As shown in FIG. 1B, the flow F of products P is moved along an initial section of the product infeed conveyor 12, indicated by arrow 13, to an intermediate point 21 at which the products engage a series of lane guides 25 that separate the flow F of products P into discrete lines of products. For example, as illustrated in the drawings, the products P can be divided into single lines of products, with each of the products being moved substantially in single file. Each of the lane guides 25 generally is an upstanding plate or guide rail 26, typically formed from a non-stick material such as polished aluminum or other metal material, or formed from various plastic or synthetic materials. Each of the guide rails includes a first or upstream section 27 adjacent the far or distal edge of the product infeed conveyor, and an angled, second or downstream section 28 terminating at a loading position or point 29 adjacent the carton conveyor 16 as shown in FIG. 1B.

The guide rails further can be positioned so as to engage the products along a mid-portion or section of the products, with the guide rails typically being spaced above the surface of the product infeed conveyor 12. As indicated in FIGS. 1A, 1B, and 3, the downstream sections 28 of the lane guides extend at an angle with respect to the product infeed conveyor 12, extending substantially across the width of the product infeed conveyor. The lane guides further are spaced apart, typically approximately or slightly greater than the width or diameter of at least one product, or greater where the products are being conveyed in pairs or other arrangements, so as to define a series of product lanes 30. The products are received and redirected along these product lanes along a path of travel indicated by arrow 31 toward the carton conveyor and cartons C for loading therein. As the product infeed conveyor continues to urge the products forwardly in the direction of arrow 13, products will engage and slide along the guide rails, causing the products to move along the product lanes in the direction of arrow 31.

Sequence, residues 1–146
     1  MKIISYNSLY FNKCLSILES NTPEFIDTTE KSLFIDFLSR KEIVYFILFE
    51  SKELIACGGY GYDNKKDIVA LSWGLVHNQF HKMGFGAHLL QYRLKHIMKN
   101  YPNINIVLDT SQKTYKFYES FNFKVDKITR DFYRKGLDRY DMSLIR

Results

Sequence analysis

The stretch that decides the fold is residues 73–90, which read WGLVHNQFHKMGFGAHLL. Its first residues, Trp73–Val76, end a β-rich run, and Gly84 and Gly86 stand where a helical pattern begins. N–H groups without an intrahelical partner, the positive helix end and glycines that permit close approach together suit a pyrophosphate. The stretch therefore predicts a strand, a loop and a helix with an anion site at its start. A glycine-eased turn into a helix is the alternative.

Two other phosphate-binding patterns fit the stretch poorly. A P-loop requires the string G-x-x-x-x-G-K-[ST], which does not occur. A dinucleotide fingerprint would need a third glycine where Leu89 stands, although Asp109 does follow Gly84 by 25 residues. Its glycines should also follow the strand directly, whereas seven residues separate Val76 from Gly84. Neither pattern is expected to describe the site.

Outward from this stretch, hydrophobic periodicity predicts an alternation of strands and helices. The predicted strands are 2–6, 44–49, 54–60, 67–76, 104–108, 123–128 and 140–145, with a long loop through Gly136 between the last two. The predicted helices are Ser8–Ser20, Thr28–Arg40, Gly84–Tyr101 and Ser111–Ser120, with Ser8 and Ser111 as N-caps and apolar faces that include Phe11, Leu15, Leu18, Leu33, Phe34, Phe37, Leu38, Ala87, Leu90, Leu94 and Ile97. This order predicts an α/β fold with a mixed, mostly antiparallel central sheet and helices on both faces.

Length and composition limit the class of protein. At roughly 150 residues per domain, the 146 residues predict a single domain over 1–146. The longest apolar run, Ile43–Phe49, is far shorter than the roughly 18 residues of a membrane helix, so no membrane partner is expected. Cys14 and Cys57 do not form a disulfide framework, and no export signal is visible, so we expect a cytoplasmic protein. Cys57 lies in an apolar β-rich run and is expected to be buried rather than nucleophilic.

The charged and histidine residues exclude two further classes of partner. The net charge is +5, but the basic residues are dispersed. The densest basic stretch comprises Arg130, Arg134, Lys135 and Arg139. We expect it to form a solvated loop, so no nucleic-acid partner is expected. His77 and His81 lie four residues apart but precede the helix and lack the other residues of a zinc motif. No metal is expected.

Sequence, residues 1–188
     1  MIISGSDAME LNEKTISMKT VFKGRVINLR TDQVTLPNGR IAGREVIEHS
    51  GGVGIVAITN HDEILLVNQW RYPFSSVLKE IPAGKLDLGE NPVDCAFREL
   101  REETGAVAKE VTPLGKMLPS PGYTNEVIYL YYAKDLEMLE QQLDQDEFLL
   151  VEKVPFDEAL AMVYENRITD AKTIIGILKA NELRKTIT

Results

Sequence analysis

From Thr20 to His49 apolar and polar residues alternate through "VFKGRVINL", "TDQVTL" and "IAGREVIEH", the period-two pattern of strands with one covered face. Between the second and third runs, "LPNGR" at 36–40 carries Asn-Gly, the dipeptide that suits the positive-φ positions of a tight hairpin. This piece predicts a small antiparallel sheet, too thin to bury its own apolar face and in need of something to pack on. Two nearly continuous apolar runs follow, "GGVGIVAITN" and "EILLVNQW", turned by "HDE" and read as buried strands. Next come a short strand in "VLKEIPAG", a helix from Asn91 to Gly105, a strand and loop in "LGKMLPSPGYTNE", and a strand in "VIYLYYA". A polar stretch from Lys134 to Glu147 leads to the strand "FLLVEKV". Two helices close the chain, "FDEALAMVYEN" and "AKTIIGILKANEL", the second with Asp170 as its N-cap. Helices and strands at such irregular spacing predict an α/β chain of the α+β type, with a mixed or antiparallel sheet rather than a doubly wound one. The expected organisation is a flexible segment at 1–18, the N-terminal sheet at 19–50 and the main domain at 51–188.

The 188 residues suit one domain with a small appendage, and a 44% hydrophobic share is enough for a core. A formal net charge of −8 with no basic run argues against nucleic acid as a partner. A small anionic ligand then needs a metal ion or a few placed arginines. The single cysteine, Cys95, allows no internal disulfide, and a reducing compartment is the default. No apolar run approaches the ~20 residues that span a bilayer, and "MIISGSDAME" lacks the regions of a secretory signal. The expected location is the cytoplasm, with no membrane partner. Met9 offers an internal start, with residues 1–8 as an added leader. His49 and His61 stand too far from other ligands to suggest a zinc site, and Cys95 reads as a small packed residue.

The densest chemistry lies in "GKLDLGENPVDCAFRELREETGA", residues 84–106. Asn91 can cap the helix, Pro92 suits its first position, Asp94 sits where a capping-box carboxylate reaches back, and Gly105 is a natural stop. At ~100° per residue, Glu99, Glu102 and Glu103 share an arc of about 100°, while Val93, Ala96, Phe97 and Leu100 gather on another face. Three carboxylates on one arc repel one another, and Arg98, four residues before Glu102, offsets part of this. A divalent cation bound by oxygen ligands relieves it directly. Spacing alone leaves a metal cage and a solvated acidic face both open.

A series of selector wedges 35 (FIGS. 1A-3) are moved across the path of travel 31 of the products P along their product lanes 30, as indicated by arrows 36, into engagement with the lines of products for separating and loading groups G of the products into their respective cartons C. Each of these selector wedges 35 generally is mounted to a wedge conveyor or similar drive mechanism 37 (FIG. 3), which conveys the selector wedges along their path of travel, indicated by arrows 36, across the upper surface 14 (FIG. 1B) of the product infeed conveyor into engagement with the lines of products moving along the product lanes 30. The selector wedges 35 generally are formed from a plastic material such as Delrin, nylon, or other similar non-stick materials, and typically have a low height profile so as to be able to pass through the spacing beneath the lane guides 25. As indicated in FIG. 1B, each of the selector wedges 35 generally includes a laterally extending front face or pusher surface 38 adapted to engage and push a bottom or lower portion of each of the products P, as indicated in FIG. 3, and a rear or base portion 39 (FIG. 1B) having rearwardly slanted or tapering distal side surface 41 extending from the front face 38 to the rear surface 39. The slanted side surface 41 helps facilitate the continued forward movement of the remaining products in the product lane as a group G of products is engaged and separated from the remaining products of the line of products moving along the product lane 30 as indicated in FIGS. 1B and 2.